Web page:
That night, Flores and I left the theater and lingered on the rainy sidewalk with a crowd of theatergoers doing the same. We all shared our thoughts, compared interpretations, raved over actors, and tried to weave our way through the denser moments. We said our goodbyes for the night, and as I turned to leave, I realized that I was pretty disoriented. I was lost in Paris again, but what else was new. Theater abroad left me dizzy and buzzing, not quite sure of where I stood but happy that I was there. I was used to the feeling by now, and there could be worse places to get turned around. Paris is a city for wandering, anyway.
Student Spotlight: Summer with Théâtre de la Ville
As part of the 21st Century Artist Internships program, U-M students spend several weeks working with companies that are part of the UMS season. In 2014, 21st century student Héctor Flores Komatsu worked with Théâtre de la Ville in Paris, France.
Below, Flores shares his travel stories with the company. Théâtre de la Ville returns to Ann Arbor with L’État de siege (State of Siege) on October 13-14, 2017.
El Espíritu Oculto de la Olvidada Europa
The word “summer” has always had a very homey and rooted connotation to me. Road or plane trips that traverse borders were a staple of my upbringing. I’d look forward to the summers of eternal spring in my Mexican hometown, under the shade of the oscillating bugambilias, tantalized by the scent of Sunday morning house-spiced chorizo at my grandfather’s. If I owe my curiosity and affinity for the intercultural richness of the world to anything, it’s to the very familiar act of crossing borders.
I finally had the opportunity to venture away from the continent this summer, after Jim Leija [UMS Director of Education & Community Engagement] called to invite me to intern for UMS in Paris as part of the new 21st Century Artist Internship. I’d be leaving for France in three weeks.
And so, I took-off to Europe to intern with Théâtre de la Ville, Paris’s cultural institution for the performing arts (as well as an Ann Arbor and UMS favorite, having performed Ionesco’s Rhinocéros at the Power Center two seasons ago). I’d be working as a rehearsal assistant and media collector for their upcoming touring production of Six Characters in Search of an Author (to be performed at the Power Center October 24-25, 2014). All this presented itself, serendipitously, a mere two weeks before the end of my sophomore year at the University of Michigan — truly, an open door. Little did I know that, thanks to continuing serendipity, I wouldn’t set foot back in Ann Arbor until a few days before this Fall term.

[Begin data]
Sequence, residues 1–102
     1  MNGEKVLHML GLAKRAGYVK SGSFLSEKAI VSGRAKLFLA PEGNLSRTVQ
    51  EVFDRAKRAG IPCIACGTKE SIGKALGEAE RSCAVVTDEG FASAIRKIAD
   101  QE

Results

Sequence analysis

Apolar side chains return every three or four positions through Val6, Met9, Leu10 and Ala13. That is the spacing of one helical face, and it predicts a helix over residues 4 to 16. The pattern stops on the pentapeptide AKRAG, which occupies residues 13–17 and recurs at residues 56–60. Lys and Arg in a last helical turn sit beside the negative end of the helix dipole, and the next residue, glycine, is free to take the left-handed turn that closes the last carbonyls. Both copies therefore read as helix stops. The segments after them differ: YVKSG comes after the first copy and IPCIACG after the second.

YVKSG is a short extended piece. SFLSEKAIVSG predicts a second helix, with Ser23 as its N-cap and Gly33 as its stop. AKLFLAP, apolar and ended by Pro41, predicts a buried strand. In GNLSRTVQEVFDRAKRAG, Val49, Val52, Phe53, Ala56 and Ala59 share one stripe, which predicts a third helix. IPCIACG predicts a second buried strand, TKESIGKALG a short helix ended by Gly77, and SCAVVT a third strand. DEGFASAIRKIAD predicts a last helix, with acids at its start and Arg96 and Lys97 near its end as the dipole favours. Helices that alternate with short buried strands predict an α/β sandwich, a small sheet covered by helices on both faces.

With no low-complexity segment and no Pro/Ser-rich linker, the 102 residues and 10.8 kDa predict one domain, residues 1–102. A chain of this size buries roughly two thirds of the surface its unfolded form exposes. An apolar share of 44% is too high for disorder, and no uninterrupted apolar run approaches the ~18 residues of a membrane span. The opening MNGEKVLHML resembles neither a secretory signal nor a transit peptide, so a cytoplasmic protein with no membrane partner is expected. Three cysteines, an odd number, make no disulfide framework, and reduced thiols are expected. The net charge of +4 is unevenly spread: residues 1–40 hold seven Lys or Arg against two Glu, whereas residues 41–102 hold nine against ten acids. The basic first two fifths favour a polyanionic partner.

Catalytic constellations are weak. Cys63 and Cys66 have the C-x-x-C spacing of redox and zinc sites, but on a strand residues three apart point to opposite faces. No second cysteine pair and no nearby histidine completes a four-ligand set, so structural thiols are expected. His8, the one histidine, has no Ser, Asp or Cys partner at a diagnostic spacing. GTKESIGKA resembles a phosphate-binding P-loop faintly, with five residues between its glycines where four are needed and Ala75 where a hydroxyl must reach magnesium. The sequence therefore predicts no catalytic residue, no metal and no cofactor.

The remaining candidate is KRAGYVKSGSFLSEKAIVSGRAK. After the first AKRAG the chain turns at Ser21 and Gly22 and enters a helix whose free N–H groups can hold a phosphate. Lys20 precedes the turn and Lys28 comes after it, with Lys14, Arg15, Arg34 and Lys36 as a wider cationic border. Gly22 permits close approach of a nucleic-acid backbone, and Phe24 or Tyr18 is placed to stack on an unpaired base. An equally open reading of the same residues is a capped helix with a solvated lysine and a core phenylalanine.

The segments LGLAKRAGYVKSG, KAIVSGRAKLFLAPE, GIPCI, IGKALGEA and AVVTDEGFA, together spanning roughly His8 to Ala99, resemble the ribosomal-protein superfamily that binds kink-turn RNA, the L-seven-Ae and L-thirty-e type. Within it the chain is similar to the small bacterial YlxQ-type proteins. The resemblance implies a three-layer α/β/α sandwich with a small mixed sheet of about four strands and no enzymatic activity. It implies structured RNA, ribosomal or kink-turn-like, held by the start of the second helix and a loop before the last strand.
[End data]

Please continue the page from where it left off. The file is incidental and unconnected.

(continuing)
Within minutes of boarding that plane, I instinctively felt that I was about to experience the most gratifying, unsettling, and enriching journey of my short years. It became a summer that has helped me to unearth my roots and left me with a hunger that’s been eating me alive, yet thankfully not eating me dead. I hope I can awaken a similar appetite in readers of this blog with my anecdotes from my time with Théâtre de la Ville (TDLV) and my first journey into the Old World.
Un Jeu des Rôles au Théâtre de la Ville
Photos: On the left, the two directors: Théâtre de la Ville director Emmanuel Demarcy-Mota and actor Alain Libolt, who plays the role of “Director” in Six Characters in Search of An Author. On the right, rehearsal with sub-titles.
Casually crossing the Pont Neuf on the Seine on the way to my first day, checking-out Notre Dame from the smoker’s balcony (though I don’t smoke), and then finishing my paperwork as the sun set against the Eiffel Tower seemed either the best cliché or too surreal to be true; but it was true, beauty on every corner. However, this type of initial beauty can grow stale with habit, and I quickly found beauty in the fondness my companions as well.
This type of beauty emerged when sharing a simple picnic with the company by the river at lunch, for example. I think the the vitality of a company originates from the unified pulse of its ensemble, that pulse that is universal in any theater venture, regardless of country. Sure, “stage-right” in French might be “the garden” (you can imagine the confusion for me, given that there’s an actual garden in the production). Sure, there may not be such a thing as blocking notes for re-stagings. And maybe the reasons for doing theater at all are very different. Still, the collaborative nature of theater is undeniable across the globe.
Six Characters in Search of an Author is play in which the dramatic truth is juxtaposed with immediate reality. Actors play actors, for example, while directors coach actors to play directors. The lines between performance and reality are crossed. For me, the ideas were constantly in translation as well. Yours truly was tasked with sub-titling the originally Italian text of the play (which is performed in French) into English. Ultimately, the goal for everyone involved, the director, the ensemble, and myself, was the same: To connect the inner life of the play to the outer life of the audience.
La culture ne marche pas!